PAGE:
How often do you ask yourself, “How did I get here”? The question seems to come with long segments of contemplation, which almost always leads back to a choice—or a series of choices. These decisions, no matter how great or small they might have seemed, send us on life’s journey. In his latest novel, This is Your Life, Harriet Chance!, Jonathan Evison shows how defining our choices can be.
Harriet Chance, Evison’s heroine, is a common seventy-eight-year-old woman living in Washington when we meet her. She has occasional visitors. She buys her own groceries. She pays bill. You know, she gets by, even if she isn’t necessarily living. She’s relatable.
Her children, Caroline and Skip, show up on occasion, but they aren’t too involved in Harriet’s life. Bernard, her husband, is recently dead from a bout with dementia. Things chance when Harriet gets a surprising phone call. It turns out that Bernard won an Alaskan cruise, and it’s now his wife’s if she wants it.
Harriet, being the unexcitable woman that she is, has no reason to want to take the trip. Her life is fine as it is, so why disturb it? Bernard appears—yes, the dead one, and his ghost encourages Harriet Chance to take a chance. He says to her, “I just think you oughta get out and live a little, Harriet. Be adventurous.” Her reply is an expected, “Why should I start now?”
It’s no surprise that Harriet succumbs to the ghost’s pressure. The novel’s cover, with its rollicking waves and ship, are spoiler enough.
Once on the ship, Harriet has unordinary experiences. She meets a man named Kurt who is so wild and so unlike Harriet that the pairing creates several genuinely fun moments. It’s the definite trip of a lifetime for Harriet Chance.
Much of Evison’s novel is about how Harriet’s choices, or lack thereof, have impacted her life. The presence of Bernard’s ghost serves to amplify how her life could’ve been different if she would’ve taken her own reigns and made her own choices. Evison writes, “Of course, Bernard’s still alive in her imagination—that’s only natural. Of course, she never heats the house above sixty-four degrees. Force of habit. Five decades of familiarity imprinted on her memory like a phantom limb. And yes, she still talks to him. These one-way conversations at the breakfast nook, or in bed, or while she’s rummaging through the junk drawer in search of a screwdriver have been a small comfort the past nine months.”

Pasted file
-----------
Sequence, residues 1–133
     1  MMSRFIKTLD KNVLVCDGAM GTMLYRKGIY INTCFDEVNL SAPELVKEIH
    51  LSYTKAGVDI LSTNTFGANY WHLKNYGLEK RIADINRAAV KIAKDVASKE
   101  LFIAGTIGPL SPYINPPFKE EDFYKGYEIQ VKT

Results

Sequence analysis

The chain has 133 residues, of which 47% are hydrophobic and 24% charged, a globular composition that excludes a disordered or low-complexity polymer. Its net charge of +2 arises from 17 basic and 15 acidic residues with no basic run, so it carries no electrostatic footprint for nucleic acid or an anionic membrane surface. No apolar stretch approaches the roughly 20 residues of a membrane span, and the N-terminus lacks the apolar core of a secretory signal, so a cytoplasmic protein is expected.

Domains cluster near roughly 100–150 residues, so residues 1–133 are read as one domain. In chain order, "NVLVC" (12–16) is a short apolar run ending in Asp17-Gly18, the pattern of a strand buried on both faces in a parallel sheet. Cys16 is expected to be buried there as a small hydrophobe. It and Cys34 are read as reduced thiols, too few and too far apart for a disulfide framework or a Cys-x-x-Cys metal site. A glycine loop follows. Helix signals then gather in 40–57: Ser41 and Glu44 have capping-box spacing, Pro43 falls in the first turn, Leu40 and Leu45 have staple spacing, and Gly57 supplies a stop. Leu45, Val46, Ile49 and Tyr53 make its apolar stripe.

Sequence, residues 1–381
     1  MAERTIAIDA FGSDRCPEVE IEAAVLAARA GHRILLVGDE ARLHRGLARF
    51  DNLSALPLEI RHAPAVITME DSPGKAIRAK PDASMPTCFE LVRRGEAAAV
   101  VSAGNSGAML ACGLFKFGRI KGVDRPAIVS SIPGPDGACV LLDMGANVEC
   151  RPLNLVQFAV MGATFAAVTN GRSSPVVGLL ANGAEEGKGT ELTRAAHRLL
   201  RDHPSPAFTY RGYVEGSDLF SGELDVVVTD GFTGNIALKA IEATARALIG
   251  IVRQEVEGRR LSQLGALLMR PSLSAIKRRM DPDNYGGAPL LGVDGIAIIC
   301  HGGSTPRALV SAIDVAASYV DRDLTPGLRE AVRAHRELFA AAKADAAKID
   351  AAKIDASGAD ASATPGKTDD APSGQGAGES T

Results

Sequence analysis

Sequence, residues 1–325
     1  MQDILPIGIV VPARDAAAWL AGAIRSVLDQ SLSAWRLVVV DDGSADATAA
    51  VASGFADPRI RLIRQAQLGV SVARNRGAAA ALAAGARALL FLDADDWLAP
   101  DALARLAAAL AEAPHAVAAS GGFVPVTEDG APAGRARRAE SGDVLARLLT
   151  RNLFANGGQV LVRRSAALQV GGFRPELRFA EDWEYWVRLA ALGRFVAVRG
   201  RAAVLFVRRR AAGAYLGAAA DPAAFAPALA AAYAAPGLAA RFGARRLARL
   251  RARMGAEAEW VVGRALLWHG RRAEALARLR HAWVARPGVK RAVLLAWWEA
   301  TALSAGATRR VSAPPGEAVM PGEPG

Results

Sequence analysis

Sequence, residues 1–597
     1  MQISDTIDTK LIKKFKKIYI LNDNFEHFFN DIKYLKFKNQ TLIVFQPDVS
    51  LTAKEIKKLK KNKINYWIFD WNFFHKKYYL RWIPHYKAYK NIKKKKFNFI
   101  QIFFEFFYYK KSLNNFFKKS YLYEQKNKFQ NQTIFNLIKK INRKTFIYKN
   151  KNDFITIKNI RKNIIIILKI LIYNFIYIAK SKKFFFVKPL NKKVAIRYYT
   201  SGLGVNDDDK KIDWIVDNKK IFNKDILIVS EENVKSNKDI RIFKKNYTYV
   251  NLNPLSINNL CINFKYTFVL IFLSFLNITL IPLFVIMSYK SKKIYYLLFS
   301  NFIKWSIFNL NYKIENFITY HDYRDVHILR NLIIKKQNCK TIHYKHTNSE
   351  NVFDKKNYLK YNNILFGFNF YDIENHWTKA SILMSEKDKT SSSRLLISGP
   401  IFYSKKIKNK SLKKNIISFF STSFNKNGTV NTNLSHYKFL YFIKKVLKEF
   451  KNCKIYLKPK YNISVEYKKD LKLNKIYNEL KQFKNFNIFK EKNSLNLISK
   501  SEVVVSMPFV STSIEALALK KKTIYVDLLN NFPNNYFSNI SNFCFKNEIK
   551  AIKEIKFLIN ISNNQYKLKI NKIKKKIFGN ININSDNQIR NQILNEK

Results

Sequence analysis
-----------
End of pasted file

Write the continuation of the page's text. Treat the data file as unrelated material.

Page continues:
Some readers might find This is Your Life, Harriet Chance! to be a sad story, but it’s really not. It’s actually quite charming. You see, Harriet isn’t upset about what life has given her. We as readers might find parts of it uncomfortable and even disturbing on certain levels. Some characters find Harriet’s situation upsetting. Caroline tells her mother about Bernard, “He was a bully, Mom. Quit saying you failed him. You were his servant, his nurse, you were practically his mother. The only meal Dad could cook was toast.” The truth, though, is that Harriet doesn’t seem to care. She did what she felt she needed to do for Bernard.
While the bulk of the narrative does occur onboard the cruise ship, Evison takes every other chapter to dig into Harriet’s past. He shows us how her ordinary life, full of safe choices, maybe isn’t all that ordinary at all really.
Evison does a fine job with navigating the story. The back-and-forth between young Harriet and old Harriet meshes nicely. There are occasions in which the prose reaches too high or the language gets a little too polished, but those complaints are minor. What Evison does so well is how he makes his stories so relatable, and This is Your Life, Harriet Chance! is no exception. Harriet could be me or you or somebody we know.
Jonathan Evison’s This is Your Life, Harriet Chance! shows us that a life is a life, and its success can (and should) be solely based on our own measurement.